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cover

 

Platform

PC

 

Genre

First-Person Shooter

 

Publisher

id Software / Activision

 

Developer

id Software

 

ESRB

M (Mature)

 

Released

August 3, 2004

 

 

- Fantastic visuals

- A significant upgrade over previous Doom games in the story department

- Spooky audio (especially if you’ve got the hardware)

- A few good scares

- Allows you to justify that $2500 you just spent on a killer PC rig

 

 

- Great visuals but where’s the interactivity with your surroundings?

- Multiplayer not as robust as some might expect

 

 

Review: Far Cry (PC)

Review: Halo (PC)

Review: Quake III - Team Arena (PC)

Review: Unreal Tournament 2003 (PC)

Review: Half-Life (PC)

Review: Unreal Championship (XB)

 

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Doom 3

Score: 9.0 / 10

 

The Martian installation has suddenly been plunged into a nightmare.  An insane scientist, taking clues from an ancient Martian civilization has ripped a hole into Hell and it’s only a matter of time before the demons reach Earth.  It’s up to you to repair the hole, single-handedly kill Hell’s soldiers, fight back Fear itself as you stumble around the dark corners of the Martian installation and go to Hell and back.  It’s horrifying.  It’s creepy.

 

In the midst of all this, why did I spend almost ten minutes shooting a hanging, overhead light fixture?  Because it looked cool swinging the light all over the place and demonstrating some cool light effects.

 

doom 3 review          doom 3 review

 

But it also brought to the fore the one thing missing from Doom 3: being able to interact with the environment.  Occasionally, you’ll come across something breakable, like a window, but the ability to really interact is missing. (Barrels full of explosive material don't count!)  You can’t overturn office equipment or the like.  I used the pistol and shotgun to shoot at the aforementioned light fixture but the light stayed intact until I was directly underneath it and fired a few rounds.  In the far-flung future, maybe they’ve created a near-bulletproof fluorescent light tube but I doubt it.  That said, most everyone will probably easily overlook this lack of interactivity.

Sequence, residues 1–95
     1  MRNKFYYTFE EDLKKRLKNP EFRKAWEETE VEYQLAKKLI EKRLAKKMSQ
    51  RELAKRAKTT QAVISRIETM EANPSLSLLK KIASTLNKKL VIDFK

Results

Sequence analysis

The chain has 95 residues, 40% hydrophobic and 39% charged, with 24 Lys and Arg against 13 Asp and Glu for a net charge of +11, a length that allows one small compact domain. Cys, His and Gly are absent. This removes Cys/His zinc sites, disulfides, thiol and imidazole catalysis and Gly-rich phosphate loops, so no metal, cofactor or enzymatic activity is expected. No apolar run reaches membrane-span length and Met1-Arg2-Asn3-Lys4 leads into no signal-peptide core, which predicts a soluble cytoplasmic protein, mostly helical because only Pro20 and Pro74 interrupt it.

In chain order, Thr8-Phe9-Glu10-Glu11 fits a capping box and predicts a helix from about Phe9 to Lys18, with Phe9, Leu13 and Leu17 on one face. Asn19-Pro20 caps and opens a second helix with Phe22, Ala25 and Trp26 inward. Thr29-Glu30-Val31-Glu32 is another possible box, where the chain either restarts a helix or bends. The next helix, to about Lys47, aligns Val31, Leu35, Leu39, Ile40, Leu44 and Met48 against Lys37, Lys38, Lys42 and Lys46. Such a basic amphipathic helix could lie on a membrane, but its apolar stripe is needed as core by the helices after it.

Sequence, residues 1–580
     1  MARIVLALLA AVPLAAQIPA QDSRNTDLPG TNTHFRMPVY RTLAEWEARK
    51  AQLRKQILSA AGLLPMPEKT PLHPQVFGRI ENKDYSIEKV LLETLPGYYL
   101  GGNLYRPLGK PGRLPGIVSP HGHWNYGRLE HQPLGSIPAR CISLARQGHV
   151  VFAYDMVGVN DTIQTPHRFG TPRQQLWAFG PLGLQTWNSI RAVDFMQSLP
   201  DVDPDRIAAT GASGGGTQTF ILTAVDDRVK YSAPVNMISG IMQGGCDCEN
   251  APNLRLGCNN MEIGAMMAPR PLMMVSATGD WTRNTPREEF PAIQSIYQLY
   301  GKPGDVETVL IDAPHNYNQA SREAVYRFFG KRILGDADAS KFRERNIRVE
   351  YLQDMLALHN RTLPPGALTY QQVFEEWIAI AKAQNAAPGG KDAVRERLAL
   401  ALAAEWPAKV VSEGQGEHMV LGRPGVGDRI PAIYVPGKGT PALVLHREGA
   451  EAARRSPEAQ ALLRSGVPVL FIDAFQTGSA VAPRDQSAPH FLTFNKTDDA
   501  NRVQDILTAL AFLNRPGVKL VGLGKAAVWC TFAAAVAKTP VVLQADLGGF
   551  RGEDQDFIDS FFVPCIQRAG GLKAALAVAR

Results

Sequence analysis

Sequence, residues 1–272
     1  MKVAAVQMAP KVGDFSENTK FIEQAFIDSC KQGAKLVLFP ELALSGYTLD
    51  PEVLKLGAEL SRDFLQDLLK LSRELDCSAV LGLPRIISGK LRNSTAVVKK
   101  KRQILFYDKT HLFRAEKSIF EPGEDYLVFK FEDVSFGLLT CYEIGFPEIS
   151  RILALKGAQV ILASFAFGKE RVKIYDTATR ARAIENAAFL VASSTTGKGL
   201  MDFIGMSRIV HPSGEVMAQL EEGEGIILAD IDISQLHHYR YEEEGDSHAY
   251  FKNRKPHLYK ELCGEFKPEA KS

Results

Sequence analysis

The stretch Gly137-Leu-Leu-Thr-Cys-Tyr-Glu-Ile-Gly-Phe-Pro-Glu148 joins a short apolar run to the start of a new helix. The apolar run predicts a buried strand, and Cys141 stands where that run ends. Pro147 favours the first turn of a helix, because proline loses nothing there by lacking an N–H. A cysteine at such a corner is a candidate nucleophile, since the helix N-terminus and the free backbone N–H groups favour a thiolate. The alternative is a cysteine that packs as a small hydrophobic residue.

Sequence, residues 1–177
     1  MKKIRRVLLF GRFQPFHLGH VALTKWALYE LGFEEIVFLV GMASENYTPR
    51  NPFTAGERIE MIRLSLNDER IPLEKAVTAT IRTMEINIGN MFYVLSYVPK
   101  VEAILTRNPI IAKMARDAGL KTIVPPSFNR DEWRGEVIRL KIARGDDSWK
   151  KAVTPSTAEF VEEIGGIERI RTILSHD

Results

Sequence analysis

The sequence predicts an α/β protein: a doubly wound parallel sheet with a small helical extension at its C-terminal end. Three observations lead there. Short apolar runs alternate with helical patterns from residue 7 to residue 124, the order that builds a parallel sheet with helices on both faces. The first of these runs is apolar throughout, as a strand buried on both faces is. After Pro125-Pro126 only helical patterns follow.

If you’ve been waiting to upgrade your PC or get a new one, now’s the time.  Don’t skimp or cut corners – put the kids’ education fund on hold – buy the latest and greatest hardware you can get your hands on so you can play Doom 3 the way id intended.  This would include some kind of surround sound setup with some decent speakers because sometimes the only warning you have of a zombie attack is a soft shuffling from behind.  (And besides, if you’re going to hear disembodied demonic voices it might as well be in surround!)

 

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The audio design is very good, with a clear emphasis placed on environmental effects.  Music is practically absent from the proceedings, but the game doesn’t suffer because of it.